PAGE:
Support is growing in western Queens to transform Big Allis, the Ravenswood Generating Station in Long Island City, into a massive renewable energy hub across Vernon Boulevard from the Queensbridge Houses, the largest public housing development in the nation.
Leaders from the NYCHA branch of the NAACP and more than a thousand residents of western Queens NYCHA developments Monday endorsed the proposed Catskills Renewable Connector, a 1,200 megawatt renewable transmission line from upstate to New York City, saying it was the best opportunity for the state to prioritize environmental justice and protect the health of residents across the city.
The endorsement comes as the state Energy Research and Development Authority reviews a series of proposals that will help reduce the city’s dependence on fossil-based power by developing and delivering clean, renewable energy from outside the city. Rise Light & Power, a Queens-based manager and developer of energy assets, which owns of the Ravenswood Generating Station, announced its plan for a new 1,200-megawatt buried renewables-transmission line that will carry homegrown wind and solar energy from upstate, delivering clean energy to the city while reducing downstate’s dependence on fossil fuels.
“Environment justice is a civil rights issue,” Lynn Spivey, president of the NAACP-NYCHA branch, said. “For generations, communities of color have been forced to live next to toxic plants, poisoning the air they breathe, spreading illness and asthma, and limiting the spaces where their children can play. Now is the time for justice. This proposal, this moment, is our opportunity to come together and create healthy, sustainable communities for everyone.”
More than 1,000 NYCHA residents at Queensbridge, Astoria, Woodside and Ravenswood Houses signed a petition saying Rise Light & Power has long supported causes important to NYCHA residents.
The Catskills Renewable Connector “represents hope for environmental justice for our community to breathe cleaner air and accelerate Ravenswood’s transition from fossil fuels to clean energy,” the petition reads. “We hope the Catskills Renewable Connector is made a reality for the sake of our community, for the sake of our collective health.”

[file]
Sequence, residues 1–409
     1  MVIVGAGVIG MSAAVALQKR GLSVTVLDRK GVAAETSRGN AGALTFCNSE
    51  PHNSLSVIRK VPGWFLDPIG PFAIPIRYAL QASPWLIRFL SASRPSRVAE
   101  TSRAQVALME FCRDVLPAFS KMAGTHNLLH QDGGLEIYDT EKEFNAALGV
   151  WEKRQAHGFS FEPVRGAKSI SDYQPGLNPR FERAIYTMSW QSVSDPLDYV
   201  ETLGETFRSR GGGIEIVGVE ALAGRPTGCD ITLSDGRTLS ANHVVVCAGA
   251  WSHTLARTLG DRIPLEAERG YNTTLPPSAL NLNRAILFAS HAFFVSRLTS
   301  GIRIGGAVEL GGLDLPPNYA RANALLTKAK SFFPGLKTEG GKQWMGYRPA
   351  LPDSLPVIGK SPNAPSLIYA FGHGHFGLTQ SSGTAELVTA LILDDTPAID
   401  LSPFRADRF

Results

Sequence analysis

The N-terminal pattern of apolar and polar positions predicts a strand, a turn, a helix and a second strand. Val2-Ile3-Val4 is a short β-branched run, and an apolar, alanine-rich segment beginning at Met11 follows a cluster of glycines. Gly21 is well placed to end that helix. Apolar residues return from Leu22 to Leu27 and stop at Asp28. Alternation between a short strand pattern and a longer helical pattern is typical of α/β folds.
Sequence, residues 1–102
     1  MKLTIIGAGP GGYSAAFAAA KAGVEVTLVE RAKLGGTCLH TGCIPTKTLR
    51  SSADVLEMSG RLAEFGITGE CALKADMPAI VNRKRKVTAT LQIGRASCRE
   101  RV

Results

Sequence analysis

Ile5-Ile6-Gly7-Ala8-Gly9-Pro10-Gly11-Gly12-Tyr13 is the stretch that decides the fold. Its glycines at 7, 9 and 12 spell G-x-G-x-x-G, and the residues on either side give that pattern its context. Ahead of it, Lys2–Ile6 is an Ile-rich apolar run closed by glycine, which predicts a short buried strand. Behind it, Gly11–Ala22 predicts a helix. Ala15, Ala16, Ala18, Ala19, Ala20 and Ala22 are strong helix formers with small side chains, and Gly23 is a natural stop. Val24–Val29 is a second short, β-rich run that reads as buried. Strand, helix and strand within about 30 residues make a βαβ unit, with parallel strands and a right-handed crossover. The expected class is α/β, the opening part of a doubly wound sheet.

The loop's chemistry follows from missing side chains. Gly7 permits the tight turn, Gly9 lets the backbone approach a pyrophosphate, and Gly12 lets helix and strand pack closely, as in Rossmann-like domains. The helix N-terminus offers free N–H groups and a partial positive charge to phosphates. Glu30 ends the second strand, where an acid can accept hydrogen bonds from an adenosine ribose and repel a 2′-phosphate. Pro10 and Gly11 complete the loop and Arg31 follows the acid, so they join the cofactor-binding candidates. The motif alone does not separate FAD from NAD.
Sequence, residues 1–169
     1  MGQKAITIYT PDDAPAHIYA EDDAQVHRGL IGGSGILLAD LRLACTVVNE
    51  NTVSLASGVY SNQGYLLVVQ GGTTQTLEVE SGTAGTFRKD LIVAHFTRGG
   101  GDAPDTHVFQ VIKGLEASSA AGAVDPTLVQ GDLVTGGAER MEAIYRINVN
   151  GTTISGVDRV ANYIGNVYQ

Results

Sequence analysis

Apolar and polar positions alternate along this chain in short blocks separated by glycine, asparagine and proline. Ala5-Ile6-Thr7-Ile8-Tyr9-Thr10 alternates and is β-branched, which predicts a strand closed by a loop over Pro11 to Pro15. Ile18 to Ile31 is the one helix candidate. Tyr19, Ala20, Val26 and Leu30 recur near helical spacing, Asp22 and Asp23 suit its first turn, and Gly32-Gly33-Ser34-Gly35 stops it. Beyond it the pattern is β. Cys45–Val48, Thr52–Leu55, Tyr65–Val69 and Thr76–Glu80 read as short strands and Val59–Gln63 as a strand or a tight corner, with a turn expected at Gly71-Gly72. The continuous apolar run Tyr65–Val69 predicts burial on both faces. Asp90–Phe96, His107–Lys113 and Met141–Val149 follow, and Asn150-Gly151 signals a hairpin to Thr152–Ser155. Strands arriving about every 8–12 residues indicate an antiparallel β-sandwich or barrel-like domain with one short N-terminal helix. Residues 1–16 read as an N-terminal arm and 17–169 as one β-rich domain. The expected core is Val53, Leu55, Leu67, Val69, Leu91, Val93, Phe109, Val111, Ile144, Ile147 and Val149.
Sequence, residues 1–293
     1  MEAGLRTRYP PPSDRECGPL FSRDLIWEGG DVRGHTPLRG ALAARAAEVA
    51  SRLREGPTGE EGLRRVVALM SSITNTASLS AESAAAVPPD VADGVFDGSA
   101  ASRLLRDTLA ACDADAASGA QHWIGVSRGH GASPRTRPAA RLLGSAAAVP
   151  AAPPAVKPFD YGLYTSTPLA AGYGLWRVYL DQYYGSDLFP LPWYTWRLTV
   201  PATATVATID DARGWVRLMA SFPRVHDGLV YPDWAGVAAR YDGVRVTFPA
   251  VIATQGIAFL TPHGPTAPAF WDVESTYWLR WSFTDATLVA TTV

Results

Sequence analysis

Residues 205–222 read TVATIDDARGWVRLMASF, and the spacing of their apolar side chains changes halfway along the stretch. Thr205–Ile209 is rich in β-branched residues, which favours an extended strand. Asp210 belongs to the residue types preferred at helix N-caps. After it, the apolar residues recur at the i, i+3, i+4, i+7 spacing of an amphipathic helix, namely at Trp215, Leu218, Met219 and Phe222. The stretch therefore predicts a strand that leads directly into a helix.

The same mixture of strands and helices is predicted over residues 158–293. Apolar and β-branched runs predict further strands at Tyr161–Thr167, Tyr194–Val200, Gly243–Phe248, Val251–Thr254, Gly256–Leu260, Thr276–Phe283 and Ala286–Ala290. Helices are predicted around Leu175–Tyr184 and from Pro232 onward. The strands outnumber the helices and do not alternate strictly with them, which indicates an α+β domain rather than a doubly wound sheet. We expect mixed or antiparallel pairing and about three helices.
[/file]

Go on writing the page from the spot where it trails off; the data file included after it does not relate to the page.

The first-of-its-kind Catskills Renewable program will advance the state’s climate goals and help drive the post-pandemic economic recovery, generating $2 billion in economic development and more than 5,000 local clean-energy jobs, according to the proposal.
It would supply approximately 15 percent of the city’s electricity needs, reducing reliance on out-of-state resources and shrinking the city’s carbon footprint by nearly 2 million tons, the equivalent of taking 400,000 cars off the road.
“We believe that Rise Light & Power has a responsibility to serve as a catalyst for positive change, both in our communities and the entire industry,” Rise Lights & Power CEO Clint Plummer said. “Our team is very proud to receive the support of the western Queens community. But we also know it’s only one step on a long journey. Together with the community, we are committed to investing in large-scale renewable energy projects, helping to create local jobs and a cleaner, more sustainable city for all New Yorkers.”
The Long Island City Partnership and the Queens Chamber of Commerce have previously endorsed the proposal.